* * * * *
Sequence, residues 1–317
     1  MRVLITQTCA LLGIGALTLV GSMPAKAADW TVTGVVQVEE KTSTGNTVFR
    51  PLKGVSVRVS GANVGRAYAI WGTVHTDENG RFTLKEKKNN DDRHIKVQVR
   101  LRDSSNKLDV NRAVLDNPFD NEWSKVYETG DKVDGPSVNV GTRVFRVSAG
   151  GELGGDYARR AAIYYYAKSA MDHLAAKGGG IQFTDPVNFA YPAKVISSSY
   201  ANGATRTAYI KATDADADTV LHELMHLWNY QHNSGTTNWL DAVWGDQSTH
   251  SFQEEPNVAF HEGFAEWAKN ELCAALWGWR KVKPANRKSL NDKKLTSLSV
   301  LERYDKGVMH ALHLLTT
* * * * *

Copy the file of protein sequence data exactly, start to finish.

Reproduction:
Sequence, residues 1–317
     1  MRVLITQTCA LLGIGALTLV GSMPAKAADW TVTGVVQVEE KTSTGNTVFR
    51  PLKGVSVRVS GANVGRAYAI WGTVHTDENG RFTLKEKKNN DDRHIKVQVR
   101  LRDSSNKLDV NRAVLDNPFD NEWSKVYETG DKVDGPSVNV GTRVFRVSAG
   151  GELGGDYARR AAIYYYAKSA MDHLAAKGGG IQFTDPVNFA YPAKVISSSY
   201  ANGATRTAYI KATDADADTV LHELMHLWNY QHNSGTTNWL DAVWGDQSTH
   251  SFQEEPNVAF HEGFAEWAKN ELCAALWGWR KVKPANRKSL NDKKLTSLSV
   301  LERYDKGVMH ALHLLTT